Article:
Risk remains in economy, private sector should also be responsible’: Dr. Yuvraj Khatiwada, Former Finance Minister

    Kathmandu. Former Finance Minister Dr. Yuvaraj Khatiwada said that imports have skyrocketed due to structural problems in the economy.

    At the same time, he has commented that the state of risk remains in the economy.

    Addressing the program on the current economic situation of Nepal and its challenges and solutions organized by the Youth Chamber, a sister organization of the Nepal Chamber of Commerce, in Kathmandu on Tuesday. Khatiwada said so.

    The Chamber’s sister organization, the Youth Chamber, organized programs on the current economic situation in Nepal and its challenges and solutions.

    Participants in the program have pointed out that export promotion and import should be made systematic.

    In the program, Dr. Khatiwada said the main reason for the economy not getting back on track was policy instability.

    Khatiwada stressed on the need for effective coordination between the Ministry of Finance, the Ministry of Industry, Commerce and Supply and the National Bank on the issue of import discouragement and export promotion. “There are structural problems in the economy,” he said.

    Goods and services of all sectors from agriculture, roads to hydropower have to be imported. Business management has not been effective.

    He suggested that short-term and long-term policies should be formulated to reduce imports and promote exports.

    Stating that there is still a risky situation in the country’s economy, he said that the time has come for the government to exercise restraint.

    According to Dr. Khatiwada, rumors of price rise along with shortage of consumer goods have created unnecessary panic in the market.

    Khatiwada said that the private sector should also be responsible for occupying an important part of the country’s economy.

    He emphasized on the need to bring real estate business under the tax net.

    Khatiwada also said that stopping unnecessary foreign exchange, money laundering and foreign travel of Nepalis in education to some extent would have a positive impact on foreign exchange reserves.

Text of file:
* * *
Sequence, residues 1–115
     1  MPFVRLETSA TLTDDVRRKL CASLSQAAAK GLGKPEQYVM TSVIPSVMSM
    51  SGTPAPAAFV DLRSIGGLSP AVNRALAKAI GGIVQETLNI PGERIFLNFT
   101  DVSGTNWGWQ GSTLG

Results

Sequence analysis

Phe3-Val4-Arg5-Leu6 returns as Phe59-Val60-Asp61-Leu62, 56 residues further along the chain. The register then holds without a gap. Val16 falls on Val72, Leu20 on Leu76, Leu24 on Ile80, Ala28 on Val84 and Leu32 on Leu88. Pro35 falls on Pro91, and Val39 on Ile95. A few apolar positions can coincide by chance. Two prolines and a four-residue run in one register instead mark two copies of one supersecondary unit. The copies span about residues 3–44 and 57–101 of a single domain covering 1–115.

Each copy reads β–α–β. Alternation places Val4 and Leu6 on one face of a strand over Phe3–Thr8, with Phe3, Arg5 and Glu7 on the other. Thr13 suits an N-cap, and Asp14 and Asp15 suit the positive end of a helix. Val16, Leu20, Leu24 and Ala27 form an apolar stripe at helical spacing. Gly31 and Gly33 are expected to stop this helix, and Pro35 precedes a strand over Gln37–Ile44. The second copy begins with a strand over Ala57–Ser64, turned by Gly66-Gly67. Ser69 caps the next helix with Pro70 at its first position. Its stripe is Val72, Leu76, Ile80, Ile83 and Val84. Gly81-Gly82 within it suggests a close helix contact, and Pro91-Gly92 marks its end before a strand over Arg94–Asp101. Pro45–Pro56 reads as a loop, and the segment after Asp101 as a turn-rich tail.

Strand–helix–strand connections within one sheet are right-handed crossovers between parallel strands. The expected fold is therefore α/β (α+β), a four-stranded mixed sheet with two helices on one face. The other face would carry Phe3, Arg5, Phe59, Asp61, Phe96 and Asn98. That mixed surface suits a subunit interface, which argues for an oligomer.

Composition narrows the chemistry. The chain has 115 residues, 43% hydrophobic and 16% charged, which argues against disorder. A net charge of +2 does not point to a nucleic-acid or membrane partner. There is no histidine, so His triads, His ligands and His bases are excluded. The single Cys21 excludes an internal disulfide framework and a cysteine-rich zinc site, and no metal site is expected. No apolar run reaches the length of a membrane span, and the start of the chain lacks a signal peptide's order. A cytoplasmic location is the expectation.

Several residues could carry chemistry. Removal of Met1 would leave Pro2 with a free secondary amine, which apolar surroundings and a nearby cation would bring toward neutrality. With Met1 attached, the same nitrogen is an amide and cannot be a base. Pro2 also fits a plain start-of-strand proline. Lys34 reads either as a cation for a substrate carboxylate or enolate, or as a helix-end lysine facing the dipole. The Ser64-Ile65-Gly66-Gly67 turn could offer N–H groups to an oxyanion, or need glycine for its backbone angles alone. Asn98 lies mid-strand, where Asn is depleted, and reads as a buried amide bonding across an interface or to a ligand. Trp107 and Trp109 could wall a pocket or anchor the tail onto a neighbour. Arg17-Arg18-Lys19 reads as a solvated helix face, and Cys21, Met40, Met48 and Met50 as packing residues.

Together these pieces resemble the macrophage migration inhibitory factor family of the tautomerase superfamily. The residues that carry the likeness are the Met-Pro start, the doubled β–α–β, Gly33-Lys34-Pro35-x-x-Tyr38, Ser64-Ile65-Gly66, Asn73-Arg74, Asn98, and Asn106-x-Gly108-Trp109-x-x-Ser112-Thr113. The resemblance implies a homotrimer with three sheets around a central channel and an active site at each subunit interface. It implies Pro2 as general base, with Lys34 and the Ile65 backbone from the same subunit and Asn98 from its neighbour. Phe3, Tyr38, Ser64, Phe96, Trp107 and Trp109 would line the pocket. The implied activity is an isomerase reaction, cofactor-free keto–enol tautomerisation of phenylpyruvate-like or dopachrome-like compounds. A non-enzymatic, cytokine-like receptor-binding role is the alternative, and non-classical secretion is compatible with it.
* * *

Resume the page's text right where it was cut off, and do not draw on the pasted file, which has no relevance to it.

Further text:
He said that they have been urging to manage the imports without controlling them.

    He said that although the economy is not in a favorable condition, it wants to see 5.8 percent economic growth in practice as positive signs have been seen recently.

    Speaking on the occasion, Deepak Shrestha, vice-chairman of the chamber, argued that the government has stopped the import of goods from Hachuwa.

    “The government should decide on which goods to import and which not to do only after studying with the private sector,” Shrestha said.

    Stating that they are not against the private sector, he said that the government has decided not to affect the import in the long run.

    Chairman of the Youth Chamber, Dipesh Ratna Tuladhar, said that they were trying to draw the attention of the government and stakeholders as there was pressure on all sectors of the economy at once.

    Govinda Bahadur Karki, joint secretary at the Ministry of Commerce and Supplies, clarified that the import of luxury goods was controlled after the foreign exchange reserves began to be affected. However, he said it was short-lived.

    Economist Bishwas Gauchan, Chief Executive Officer of NMB Bank Sunil Kumar KC and others said that it was short-lived despite some pressure on the country’s economy.

    He said the government had stopped imports of some items to reduce trade deficit and encourage domestic production.

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